WSATools Creator Explains Why APK Side Loader Removed From Microsoft Store
Simone Franco, the developer who created WSATools, explained on his blog why his app was removed by Microsoft from the latter’s Store. For those who don’t know, WSATools is a third-party app that helps users load Android apps on Windows 11 without going into the delicate process of using the Android Debug Bridge command line tool method (adb ).
There was a bit of heckling around this issue as Microsoft apparently removed the app from the Microsoft Store but provided “no explanation” for the reason for the removal. However, the company later “apologized” to the developer in a follow-up mail it sent and also explained the reasons for the removal.
Franco had already said earlier that the reasons were indeed “legitimate” and has since decided to share them on his blog.
It turned out that Franco had slyly released the app to the Microsoft Store (which is why it was available privately) after failing the initial Microsoft certification verification process. However, the application was detected by the Automatic Certification Checker during the update to WSATools 0.1.56. That’s why it was taken out the second time around, he believes.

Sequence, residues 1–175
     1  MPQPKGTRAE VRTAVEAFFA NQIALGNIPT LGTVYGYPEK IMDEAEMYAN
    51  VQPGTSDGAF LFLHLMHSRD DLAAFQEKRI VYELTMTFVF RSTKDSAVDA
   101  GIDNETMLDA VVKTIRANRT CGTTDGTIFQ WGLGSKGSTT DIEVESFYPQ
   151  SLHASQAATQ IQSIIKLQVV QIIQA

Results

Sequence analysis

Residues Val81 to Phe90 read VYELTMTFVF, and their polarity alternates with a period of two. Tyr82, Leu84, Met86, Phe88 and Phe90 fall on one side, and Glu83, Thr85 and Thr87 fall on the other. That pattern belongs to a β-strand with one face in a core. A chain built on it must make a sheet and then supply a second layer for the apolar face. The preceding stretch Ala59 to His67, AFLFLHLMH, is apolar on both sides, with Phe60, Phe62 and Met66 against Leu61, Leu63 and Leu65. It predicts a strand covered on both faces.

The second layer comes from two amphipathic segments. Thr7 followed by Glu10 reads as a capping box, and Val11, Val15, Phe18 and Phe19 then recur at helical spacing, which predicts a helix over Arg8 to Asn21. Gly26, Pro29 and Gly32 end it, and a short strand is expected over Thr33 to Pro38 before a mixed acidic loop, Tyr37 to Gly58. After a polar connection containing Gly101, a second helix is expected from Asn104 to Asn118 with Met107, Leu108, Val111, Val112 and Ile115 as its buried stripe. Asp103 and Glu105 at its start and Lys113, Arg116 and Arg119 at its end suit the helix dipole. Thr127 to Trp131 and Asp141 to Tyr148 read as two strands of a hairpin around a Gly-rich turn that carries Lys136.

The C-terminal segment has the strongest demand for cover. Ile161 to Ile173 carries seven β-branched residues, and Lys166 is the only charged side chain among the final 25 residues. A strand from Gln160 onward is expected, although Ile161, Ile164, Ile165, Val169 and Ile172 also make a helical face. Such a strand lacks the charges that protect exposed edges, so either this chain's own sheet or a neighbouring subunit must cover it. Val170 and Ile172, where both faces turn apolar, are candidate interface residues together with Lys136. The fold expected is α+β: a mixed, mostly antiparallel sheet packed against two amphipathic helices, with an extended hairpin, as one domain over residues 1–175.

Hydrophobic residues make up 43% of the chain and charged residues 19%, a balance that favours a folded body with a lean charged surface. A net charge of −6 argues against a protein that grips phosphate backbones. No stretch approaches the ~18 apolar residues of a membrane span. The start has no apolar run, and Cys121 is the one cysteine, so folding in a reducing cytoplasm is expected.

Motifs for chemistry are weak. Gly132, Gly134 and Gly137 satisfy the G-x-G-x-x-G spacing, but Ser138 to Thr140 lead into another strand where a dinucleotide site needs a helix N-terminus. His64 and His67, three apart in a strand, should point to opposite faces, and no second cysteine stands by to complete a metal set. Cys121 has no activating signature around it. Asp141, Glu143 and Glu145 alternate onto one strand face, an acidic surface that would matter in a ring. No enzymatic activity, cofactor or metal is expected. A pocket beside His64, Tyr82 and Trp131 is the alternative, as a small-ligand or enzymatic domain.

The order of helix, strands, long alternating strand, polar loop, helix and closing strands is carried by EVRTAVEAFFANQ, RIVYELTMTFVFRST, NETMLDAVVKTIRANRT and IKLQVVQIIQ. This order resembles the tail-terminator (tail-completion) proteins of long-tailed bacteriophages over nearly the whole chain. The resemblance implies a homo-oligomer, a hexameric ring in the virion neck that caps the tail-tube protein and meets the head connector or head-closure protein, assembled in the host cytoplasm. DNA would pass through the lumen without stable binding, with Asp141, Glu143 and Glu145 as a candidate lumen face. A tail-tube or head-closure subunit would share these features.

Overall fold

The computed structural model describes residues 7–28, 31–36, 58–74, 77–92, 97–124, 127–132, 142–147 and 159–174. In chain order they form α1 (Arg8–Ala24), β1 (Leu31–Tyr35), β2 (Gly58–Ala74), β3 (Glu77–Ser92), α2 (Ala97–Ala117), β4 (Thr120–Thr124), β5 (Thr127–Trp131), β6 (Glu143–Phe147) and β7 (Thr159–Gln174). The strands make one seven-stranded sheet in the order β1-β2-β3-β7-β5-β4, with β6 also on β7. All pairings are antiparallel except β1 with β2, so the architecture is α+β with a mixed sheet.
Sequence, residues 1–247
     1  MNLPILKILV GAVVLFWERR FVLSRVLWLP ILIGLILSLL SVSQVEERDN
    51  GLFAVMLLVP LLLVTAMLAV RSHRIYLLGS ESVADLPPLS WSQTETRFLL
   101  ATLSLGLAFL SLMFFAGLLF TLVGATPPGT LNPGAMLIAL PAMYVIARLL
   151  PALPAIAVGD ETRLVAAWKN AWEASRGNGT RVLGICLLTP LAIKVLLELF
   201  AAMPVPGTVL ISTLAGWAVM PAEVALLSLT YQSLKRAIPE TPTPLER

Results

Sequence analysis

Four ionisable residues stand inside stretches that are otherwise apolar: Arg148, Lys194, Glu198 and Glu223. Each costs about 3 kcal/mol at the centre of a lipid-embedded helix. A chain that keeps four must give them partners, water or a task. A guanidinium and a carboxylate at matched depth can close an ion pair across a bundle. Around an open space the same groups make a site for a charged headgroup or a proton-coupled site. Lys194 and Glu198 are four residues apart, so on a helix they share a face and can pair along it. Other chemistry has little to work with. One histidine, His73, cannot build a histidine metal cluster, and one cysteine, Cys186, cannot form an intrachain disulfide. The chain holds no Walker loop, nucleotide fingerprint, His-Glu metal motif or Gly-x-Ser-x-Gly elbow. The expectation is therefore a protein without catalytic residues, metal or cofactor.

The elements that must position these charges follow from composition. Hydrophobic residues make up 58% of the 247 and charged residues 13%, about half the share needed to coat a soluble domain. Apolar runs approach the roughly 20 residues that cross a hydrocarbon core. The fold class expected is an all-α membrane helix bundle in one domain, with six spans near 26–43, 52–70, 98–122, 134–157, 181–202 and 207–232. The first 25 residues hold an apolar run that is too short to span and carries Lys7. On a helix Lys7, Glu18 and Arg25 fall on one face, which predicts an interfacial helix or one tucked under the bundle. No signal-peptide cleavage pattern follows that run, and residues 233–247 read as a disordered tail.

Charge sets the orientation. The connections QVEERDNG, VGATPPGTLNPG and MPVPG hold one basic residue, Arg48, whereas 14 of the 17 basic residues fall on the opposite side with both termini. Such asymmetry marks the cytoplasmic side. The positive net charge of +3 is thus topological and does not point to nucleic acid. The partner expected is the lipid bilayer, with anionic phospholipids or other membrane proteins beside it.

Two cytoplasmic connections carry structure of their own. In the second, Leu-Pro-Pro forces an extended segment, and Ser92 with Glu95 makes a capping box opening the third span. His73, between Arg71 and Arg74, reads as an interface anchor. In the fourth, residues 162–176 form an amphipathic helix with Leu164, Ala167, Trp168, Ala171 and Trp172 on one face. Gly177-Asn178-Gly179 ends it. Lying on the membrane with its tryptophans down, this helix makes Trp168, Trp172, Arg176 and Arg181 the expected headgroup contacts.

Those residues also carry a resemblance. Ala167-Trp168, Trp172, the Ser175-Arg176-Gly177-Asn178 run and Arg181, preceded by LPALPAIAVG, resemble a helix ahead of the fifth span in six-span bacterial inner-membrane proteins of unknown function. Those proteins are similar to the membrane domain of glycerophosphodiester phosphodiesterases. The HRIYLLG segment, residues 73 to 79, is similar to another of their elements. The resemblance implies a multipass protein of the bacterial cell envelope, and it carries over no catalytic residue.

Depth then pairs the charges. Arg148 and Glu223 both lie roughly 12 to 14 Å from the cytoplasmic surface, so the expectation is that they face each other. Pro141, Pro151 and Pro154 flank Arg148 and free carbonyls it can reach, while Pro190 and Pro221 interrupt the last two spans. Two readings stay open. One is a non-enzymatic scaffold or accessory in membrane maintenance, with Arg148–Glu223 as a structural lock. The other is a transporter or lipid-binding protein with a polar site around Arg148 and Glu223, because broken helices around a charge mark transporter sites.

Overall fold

From what I understand, WSATools had one of these automatic certification checks the day after update 0.1.56, and it was removed
Additionally, Franco says Microsoft is also not very excited about the name “WSATools” itself, because WSA or Windows Subsystem for Android is official terminology.
WSATools has … WSA. Microsoft doesn’t like it, even though “WSA” is not a registered trademark, but I understand why. They don’t want the app to be believed or misunderstood as official.
Microsoft has suggested that the name of the application be changed or that it be made clear that WSATools has nothing to do with Microsoft itself. Once done, Franco says the app will be publicly available on the Microsoft Store next year. For now, the app can be downloaded via this link.
Interestingly, the blog mentions “two rules” that were broken, but seems to only talk about the WSATools nomenclature issue after that. This is the “second rule” in Franco’s own words.
We have contacted the developer for clarification on this and will update the post once we have more information.
Source: Simone Franco’s blog